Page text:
Isaiah was the son of Amoz. His name means, “The Lord saves.” There is consensus amongst Hebrew scholars that he was the greatest of Hebrew writers. His words indicate that he was a man of refinement and culture. His prophecies are without equal as far as beauty and style, versatility of treatment, brilliance of imagery, and splendor of diction are concerned. His book is the first among the so-called “later prophets” and his name has been given to his prophetic collection.

He resided and ministered in Jerusalem from about 740 BC in “the year of king Uzziah’s death,” until 700 BC or somewhat later. He thus prophesied during the kingships of Uzziah, Jotham, Ahaz, and Hezekiah, all being kings of Judah (1:1). He was married to a prophetess (8:3) and had two sons: Shear-Jashub (7:3), “a remnant will return,” and Maher-shalal-hash-baz (8:3), “swift is the booty, speedy is the prey.” Thus, the name of the first child held a promise of mercy; the second, one of judgement.[1]

Isaiah received his commission from the Lord (6:8-12) and willingly accepted it, even though it will be to a people who will not respond as needed and it will end with the nation destroyed. Isaiah’s ministry was to both Judah and Israel. Israel was destroyed by the Assyrian in 722 BC and Judah in 586 BC by the Babylonians.

The uniqueness of Isaiah’s ministry

Luke records (4:18-19) the Lord Jesus commenced His public ministry at Nazareth by reading from Isaiah 61:1-2

“The Spirit of the Lord is upon me, because he has anointed me to proclaim good news to the poor. He has sent me to proclaim liberty to the captives and recovering of sight to the blind, to set at liberty those who are oppressed, to proclaim the year of the Lord’s favor.”

Isaiah is credited with the writing a history of the reign of King Uzziah (2 Chronicles 26:22).

Isaiah inquired of the Lord at Hezekiah’s request, about the calamity that was about to befall Jerusalem. Hezekiah went into the temple and laid before the Lord Sennacherib’s demands and to pray for the Lord’s help in defeating the vast Assyrian army that had surrounded Jerusalem and was threatening them. Isaiah received his answer and there were 185,000 Assyrian soldiers lying dead the next morning. Sennacherib went back to Nineveh where he was murdered by one or both of his sons while he was praying to his gods exactly as Isaiah had prophesied (2 Kings 19; Isaiah 37:36-37). The incident was recorded by the Greek historian Herodotus in his manuscript Histories written in 450 BC. I have written a blog article on the whole incident here.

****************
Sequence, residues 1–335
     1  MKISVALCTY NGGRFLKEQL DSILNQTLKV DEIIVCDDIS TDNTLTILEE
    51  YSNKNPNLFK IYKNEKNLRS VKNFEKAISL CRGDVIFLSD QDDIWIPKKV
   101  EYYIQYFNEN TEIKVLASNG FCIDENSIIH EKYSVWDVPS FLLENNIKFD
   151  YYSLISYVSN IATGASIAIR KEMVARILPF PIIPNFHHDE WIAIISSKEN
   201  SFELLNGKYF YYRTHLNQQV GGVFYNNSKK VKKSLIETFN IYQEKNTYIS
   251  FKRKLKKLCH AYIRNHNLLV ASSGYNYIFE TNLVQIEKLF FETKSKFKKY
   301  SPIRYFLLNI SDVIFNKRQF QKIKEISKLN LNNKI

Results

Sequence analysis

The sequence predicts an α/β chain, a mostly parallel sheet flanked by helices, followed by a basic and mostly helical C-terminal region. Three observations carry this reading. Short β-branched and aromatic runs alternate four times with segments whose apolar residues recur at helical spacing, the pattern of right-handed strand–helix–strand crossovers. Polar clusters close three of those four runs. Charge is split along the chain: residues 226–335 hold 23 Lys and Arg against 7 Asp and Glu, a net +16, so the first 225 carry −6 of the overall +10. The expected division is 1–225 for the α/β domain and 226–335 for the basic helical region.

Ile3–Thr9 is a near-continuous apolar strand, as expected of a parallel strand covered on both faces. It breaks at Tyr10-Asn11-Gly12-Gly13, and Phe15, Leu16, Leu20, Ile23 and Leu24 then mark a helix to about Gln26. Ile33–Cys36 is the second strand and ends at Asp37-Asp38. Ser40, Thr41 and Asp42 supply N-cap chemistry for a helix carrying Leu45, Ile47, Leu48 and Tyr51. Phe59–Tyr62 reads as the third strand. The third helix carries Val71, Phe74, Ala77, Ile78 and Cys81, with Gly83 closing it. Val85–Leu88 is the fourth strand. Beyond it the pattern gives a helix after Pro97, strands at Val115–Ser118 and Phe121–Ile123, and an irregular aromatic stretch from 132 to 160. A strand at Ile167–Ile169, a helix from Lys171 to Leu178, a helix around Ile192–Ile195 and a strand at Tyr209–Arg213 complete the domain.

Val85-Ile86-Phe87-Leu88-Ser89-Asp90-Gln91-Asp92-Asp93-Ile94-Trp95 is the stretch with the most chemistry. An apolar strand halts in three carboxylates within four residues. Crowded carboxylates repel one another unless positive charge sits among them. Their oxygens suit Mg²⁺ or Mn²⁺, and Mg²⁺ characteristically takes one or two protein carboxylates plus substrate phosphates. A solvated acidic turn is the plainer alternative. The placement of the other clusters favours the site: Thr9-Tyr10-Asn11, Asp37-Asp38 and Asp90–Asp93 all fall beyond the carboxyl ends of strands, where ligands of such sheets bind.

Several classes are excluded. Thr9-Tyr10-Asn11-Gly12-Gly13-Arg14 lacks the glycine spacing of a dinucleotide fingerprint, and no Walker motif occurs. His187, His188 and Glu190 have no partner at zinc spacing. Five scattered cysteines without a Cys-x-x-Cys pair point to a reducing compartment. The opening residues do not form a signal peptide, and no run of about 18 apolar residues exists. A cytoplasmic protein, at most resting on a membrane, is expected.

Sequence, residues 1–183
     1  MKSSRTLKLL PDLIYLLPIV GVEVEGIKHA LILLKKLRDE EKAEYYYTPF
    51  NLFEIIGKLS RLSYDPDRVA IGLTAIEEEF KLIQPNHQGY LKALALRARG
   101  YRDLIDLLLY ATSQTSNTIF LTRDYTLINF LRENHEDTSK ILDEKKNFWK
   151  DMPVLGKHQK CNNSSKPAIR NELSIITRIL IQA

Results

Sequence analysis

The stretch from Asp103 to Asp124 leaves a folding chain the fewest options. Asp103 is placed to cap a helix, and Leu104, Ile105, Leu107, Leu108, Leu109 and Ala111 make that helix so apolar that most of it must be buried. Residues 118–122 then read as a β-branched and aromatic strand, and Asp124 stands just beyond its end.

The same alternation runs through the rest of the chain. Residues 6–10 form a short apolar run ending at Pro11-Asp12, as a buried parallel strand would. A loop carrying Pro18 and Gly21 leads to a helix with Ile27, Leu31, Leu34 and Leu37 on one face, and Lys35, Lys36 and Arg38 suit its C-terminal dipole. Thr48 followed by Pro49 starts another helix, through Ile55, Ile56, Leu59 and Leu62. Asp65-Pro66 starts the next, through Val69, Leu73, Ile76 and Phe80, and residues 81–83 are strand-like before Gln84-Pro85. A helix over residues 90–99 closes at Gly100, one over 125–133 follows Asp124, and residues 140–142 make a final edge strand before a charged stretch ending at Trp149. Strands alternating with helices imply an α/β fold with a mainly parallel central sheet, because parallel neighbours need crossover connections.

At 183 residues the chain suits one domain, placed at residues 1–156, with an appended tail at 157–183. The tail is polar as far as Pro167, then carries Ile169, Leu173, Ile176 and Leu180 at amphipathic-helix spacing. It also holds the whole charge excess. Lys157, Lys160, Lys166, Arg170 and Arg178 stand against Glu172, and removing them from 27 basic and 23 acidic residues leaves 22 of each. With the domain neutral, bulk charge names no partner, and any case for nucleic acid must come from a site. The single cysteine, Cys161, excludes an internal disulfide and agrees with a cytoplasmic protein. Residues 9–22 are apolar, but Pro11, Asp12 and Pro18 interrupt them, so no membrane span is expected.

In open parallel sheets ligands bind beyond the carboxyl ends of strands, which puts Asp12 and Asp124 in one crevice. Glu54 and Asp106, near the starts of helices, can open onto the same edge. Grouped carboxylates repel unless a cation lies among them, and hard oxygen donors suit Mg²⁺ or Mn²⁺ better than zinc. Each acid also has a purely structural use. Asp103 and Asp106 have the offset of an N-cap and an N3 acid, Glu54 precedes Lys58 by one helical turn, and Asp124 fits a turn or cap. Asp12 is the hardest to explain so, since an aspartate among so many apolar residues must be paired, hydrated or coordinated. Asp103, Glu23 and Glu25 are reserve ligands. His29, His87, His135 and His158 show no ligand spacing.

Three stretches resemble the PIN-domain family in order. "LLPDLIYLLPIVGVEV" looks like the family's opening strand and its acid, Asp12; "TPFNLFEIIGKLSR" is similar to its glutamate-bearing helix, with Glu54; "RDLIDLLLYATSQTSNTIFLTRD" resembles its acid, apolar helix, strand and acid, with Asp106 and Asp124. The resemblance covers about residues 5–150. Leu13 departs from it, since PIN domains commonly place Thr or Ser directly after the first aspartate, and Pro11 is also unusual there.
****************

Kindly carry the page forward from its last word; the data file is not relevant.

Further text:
Although Isaiah did not list Manasseh as one of the Judean kings enthroned during his prophetic ministry, he does mention the death of Sennacherib which happened in 681 BC and even named his successor, Esarhaddon (37:38). Manasseh succeeded his father Hezekiah who died in 687 BC. So, it is possible that it was Isaiah who was placed in a hollow log and sawn in two from the instruction of the wicked Manasseh. (Hebrews 11:37).

The singularity of Isaiah’s authorship

His book appears to be divided into two parts, chapters 1to 35 warning of impending judgement and chapters 40-66 telling of God’s restoration and blessings. Chapters 36-39 act as an historic interlude that concludes chapters 1-35 and introduces chapters 40-66.

Liberal scholar J C Doederlein, published in 1789 a systematic argument that chapters 40-66 were written after Isaiah’s time in the 6th century by a second author. His work brought about the idea of two authors and is commonly known as deutero-Isaiah, deutero being two. H F W Gesenius supported this view in a publication in 1819 along with Ernst Rosenmuller. Bernhard Duhm went even further by proposing a “third Isaiah,” who wrote chapters 56-66 in Jerusalem at the time of Ezra. Some recent scholars such as W H Brownlee, hold that all 66 chapters came from a circle of disciples who followed or later studied Isaiah and his oral prophecies.[2]